The tour offers a taste of the riches in the book, including who designed and built the homes, and the generations of Stanford professors who have lived there.
Dottie and Joe Shrager (a Stanford Medical School professor and chief of the Division of Thoracic Surgery) were attracted to their Spanish eclectic home, designed by Charles K. Sumner in 1926, partly because they'd just come from the East Coast. There they owned an 18th-century Federal farmhouse sitting on 4.5 acres.
"We wanted modern, airy, but Joe had his heart set on a traditional home," Dottie Shrager said. They liked the idea of living on campus, but they wanted a house that didn't need fixing up.
So a key reason they chose the historic home on campus was the extensive renovations done by the last owner, Kathleen Sullivan. She lived there from 1993 when she joined the Stanford Law School faculty until she moved east in 2008, after serving as the first woman dean of the law school.
Shrager credits Sullivan with creating the sight line from the dining room, through the kitchen, laundry room and family room, ending with French doors leading outside.
Sullivan restored the home from the inside out, beginning with the infrastructure (plumbing, electrical, heating) and continuing to the kitchen and bathrooms. Working with contractor Michael Doherty of Santa Cruz and interior designer Greg Anton of San Jose, she added barrel vaulting and niches, reshaping an archway but retaining original doors, windows and cabinets.
Outside, Sullivan brought in Tim Vine of Landsystems Landscapes, Redwood City, retaining redwoods and cedar in front, persimmon and live oak in back and eucalyptus on the side. Many rooms step directly outside, onto brick patios, with winding paths leading around the garden, including a rhododendron and azalea garden near the kitchen.
Shrager pointed to some of the charming touches: a "Juliet-balcony" window overlooking the living room that allows air flow from a nearby window; a "Hobbit" door — a challenge for her tall husband — that leads outdoors; deeply recessed arched windows in the living room; and a charming oval high window.
Although the Shragers found the house ready to move in, they have made a few changes. The original fireplace was replaced with a gas-burning version, which is used extensively to heat the living room. "We live in this room now," Shrager said.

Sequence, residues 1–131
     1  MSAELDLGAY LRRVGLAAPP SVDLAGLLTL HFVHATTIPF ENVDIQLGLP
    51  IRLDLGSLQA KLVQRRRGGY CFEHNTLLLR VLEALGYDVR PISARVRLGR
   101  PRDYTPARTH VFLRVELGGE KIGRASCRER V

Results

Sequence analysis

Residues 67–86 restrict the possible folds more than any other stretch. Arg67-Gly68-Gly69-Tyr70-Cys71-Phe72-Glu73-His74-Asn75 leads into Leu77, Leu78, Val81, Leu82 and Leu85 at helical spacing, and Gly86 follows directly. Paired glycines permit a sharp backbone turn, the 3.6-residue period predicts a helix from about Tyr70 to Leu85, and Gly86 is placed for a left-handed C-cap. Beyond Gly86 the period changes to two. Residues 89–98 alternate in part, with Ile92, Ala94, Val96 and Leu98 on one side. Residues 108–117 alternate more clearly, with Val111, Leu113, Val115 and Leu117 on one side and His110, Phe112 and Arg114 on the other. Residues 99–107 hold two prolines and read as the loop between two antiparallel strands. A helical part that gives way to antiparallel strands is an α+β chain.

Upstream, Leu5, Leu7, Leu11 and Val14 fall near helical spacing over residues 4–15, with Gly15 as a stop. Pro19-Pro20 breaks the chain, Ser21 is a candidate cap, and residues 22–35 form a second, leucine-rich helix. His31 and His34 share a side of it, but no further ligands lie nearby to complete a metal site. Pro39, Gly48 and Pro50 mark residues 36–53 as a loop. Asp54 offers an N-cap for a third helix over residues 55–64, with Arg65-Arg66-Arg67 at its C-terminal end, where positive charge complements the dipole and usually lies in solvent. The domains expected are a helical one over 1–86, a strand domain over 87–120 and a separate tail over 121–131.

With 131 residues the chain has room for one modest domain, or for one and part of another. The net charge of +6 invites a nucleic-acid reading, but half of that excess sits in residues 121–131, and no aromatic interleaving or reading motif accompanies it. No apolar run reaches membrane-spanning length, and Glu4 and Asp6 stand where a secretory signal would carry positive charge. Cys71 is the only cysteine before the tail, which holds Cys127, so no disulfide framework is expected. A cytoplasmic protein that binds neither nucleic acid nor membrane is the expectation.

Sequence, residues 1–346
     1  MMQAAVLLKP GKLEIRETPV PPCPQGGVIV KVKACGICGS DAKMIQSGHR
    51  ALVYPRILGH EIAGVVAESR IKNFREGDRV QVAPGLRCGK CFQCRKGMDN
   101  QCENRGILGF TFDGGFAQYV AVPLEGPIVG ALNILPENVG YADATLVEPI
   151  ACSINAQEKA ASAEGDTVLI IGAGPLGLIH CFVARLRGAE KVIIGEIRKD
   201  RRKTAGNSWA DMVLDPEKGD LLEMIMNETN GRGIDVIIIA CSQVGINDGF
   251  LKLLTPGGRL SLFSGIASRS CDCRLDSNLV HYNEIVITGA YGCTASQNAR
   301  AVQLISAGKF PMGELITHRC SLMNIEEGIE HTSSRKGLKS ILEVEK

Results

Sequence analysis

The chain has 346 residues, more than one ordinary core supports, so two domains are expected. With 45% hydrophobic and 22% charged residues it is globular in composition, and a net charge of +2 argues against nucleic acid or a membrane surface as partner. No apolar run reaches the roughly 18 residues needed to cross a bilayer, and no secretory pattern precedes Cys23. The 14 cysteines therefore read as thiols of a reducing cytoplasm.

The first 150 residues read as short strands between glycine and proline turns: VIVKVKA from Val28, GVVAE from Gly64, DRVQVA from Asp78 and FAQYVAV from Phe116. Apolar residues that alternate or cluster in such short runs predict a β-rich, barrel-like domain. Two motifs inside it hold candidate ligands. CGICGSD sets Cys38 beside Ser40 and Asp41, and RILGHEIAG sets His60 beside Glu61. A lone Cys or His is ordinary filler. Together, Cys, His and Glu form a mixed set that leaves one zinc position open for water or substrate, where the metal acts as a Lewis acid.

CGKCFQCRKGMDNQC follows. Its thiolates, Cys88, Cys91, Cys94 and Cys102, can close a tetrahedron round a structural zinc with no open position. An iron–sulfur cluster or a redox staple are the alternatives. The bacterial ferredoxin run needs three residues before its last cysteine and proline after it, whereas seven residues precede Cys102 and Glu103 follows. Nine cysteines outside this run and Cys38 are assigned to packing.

Several panels of their wooden front door have been replaced with glass, bringing light to an otherwise dark space. And, every house the family has lived in has had a tree swing. The children, ranging from 7 to 14 at the time, insisted.
And they have other plans of their own for the future. They plan to move the Spanish citrus orchard from the shady rear of the property to the sunny front, and sometime they will replace the original wrought-iron railing on the front porch, adding Spanish tiles at that time.
On tour day, much of the art displayed will be by Flo de Bretagne, a Palo Alto artist who is working with Dottie Shrager on a children's book. The paintings are whimsical, colorful — and not at all in the 1926 mode, but Shrager says the white walls are a perfect backdrop to display them.
Other homes on tour, which supports the Stanford Historic Houses Project, include:
* a 1925 Birge Clark-designed Spanish eclectic-style with Moorish arches and a formal rose garden;
* * a 1929 Theodore W. Lenzen shingled, Tudor-style home;
* * a 1929 Henry C. Collins, complete with model railroad.
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What: Stanford Historic House & Garden Tour
When: Sunday, April 22, 1 to 4 p.m.
Where: Lower San Juan Neighborhood, Stanford campus (Park in Parking Structure 6, 560 Wilbur Way, Stanford)
Cost: $30; "Historic Houses VI" will be available for $25 (at the registration desk near the parking).
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